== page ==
Winterize Your Car

November 30, 2011

Now that Thanksgiving has passed, winter is right around the corner. It’s only a matter of time before more snow will be falling, salt will be spread, and the rumble of plows will fill our ears. As we sit in the warmth of our homes or workplaces, our cars are exposed to everything that Mother Nature decides to share. Garages can offer some protection, but cars have to deal with freezing temperatures, slippery conditions and corrosion-causing substances every time we drive to pick up groceries or commute to work.

While we did get a stressful taste of winter weather over Halloween weekend, temperatures have been relatively warm lately. We can certainly expect it to get much colder in the next month, so it is important to make sure your car is ready. Here are some suggestions to help you get started.

Perhaps the most important part of your car is what binds it to the road: its tires. In science class, we learned that temperature affects how much air contracts or expands. In much the same way that hot air expands and rises to lift a hot air balloon off the ground, the air in your tires is affected by the winter’s coldness. As the temperature gets colder, air contracts and can leave your tire slightly deflated. You can be sure that your tires are inflated to the correct pressure at any Connecticut gas station, which are required by law to have air compressors and a free supply of air.

Some drivers even switch their normal tires to studded snow tires, which actually have small metal studs to help provide traction when traveling on icy roads. If you decide to use this type of tire, please be aware that state officials have limited their use to between November 15th and April 30th because roads can otherwise be damaged in the absence of snow or ice.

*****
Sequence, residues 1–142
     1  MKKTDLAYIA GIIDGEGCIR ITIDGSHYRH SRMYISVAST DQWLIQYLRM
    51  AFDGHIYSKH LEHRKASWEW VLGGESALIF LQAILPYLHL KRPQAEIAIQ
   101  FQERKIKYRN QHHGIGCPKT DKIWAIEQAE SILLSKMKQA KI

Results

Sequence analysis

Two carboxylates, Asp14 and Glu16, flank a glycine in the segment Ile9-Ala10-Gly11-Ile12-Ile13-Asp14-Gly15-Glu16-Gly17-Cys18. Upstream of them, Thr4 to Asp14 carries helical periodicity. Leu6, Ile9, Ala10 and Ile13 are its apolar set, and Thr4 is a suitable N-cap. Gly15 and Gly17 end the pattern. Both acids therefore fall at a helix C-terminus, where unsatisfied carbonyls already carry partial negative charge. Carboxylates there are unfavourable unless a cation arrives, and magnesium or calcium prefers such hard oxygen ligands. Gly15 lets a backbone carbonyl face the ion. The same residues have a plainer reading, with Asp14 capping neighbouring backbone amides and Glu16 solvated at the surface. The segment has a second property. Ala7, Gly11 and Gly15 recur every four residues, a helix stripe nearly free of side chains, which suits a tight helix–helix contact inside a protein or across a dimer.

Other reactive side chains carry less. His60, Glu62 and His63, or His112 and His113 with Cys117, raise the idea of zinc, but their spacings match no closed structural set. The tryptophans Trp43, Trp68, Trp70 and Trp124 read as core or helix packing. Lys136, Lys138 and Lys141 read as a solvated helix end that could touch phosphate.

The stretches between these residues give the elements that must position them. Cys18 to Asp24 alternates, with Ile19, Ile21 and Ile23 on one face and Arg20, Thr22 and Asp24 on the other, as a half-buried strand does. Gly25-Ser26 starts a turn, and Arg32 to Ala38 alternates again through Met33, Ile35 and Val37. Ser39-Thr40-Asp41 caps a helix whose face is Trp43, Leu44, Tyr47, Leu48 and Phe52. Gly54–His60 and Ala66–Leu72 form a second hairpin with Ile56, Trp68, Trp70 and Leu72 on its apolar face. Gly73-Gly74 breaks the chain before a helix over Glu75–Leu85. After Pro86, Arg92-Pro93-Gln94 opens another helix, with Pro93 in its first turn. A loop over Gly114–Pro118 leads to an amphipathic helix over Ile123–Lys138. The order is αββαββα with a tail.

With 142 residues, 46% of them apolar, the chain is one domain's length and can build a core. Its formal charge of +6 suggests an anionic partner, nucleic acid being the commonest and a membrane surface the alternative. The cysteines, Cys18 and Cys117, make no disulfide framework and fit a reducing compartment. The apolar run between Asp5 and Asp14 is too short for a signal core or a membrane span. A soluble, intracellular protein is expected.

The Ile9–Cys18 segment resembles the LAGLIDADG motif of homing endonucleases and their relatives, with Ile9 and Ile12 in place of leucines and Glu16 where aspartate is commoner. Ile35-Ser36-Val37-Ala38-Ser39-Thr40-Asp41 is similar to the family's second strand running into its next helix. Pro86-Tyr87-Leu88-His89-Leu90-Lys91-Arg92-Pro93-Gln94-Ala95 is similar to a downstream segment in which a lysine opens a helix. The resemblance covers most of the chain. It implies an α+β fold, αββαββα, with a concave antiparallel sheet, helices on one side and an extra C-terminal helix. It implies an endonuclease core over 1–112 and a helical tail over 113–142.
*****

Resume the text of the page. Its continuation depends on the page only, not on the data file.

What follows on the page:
Since days are shorter and nights are longer, it’s essential to make sure you have a clear range of vision from the driver’s seat. Throughout the year, headlights can get covered with dust or other material that lessens their ability to project as much light. Washing them with a paper towel and glass cleaner can solve the problem to help you see through the darkness. Windows can also build up layers of frozen precipitation that can impede vision as well. Ice scrapers and your defroster are the best solution to hardened ice, sleet or snow.

While driving, you may have noticed a large orange truck assisting a car on the side of the highway. These trucks are part of the Department of Transportation’s roadway service patrol called the Connecticut Highway Assistance Motorist Patrol (CHAMP) program. Among the complimentary services they provide, CHAMP drivers help motorists change flat tires, jump start engines, push vehicles to the shoulder, provide fuel and offer shelter. If you should find yourself in need of assistance on I-84, I-91 or I-95 during their weekday patrol hours of 5:30am and 7:00pm, you can be confident that a CHAMP truck will be on the scene shortly to help you out. However, you should also consider joining organizations, such as AAA, which provide helpful automotive assistance while on the road.

As a police officer, I am also familiar with the importance of traffic safety. I see firsthand that many accidents are caused by people following other cars too closely. When conditions are slippery or visibility is limited, this becomes even more of an issue. Please make sure that you leave plenty of room between you and the car in front of you, especially during inclement weather.

These suggestions should be an annual tradition that can help prevent problems later in the season. From changing your oil to refilling antifreeze coolant, small steps such as these can help ensure that your car will be prepared for winter. Emergency kits should always be a priority as well. These types of tasks can be a mundane way of getting ready, but it’s part of the beauty of living in New England.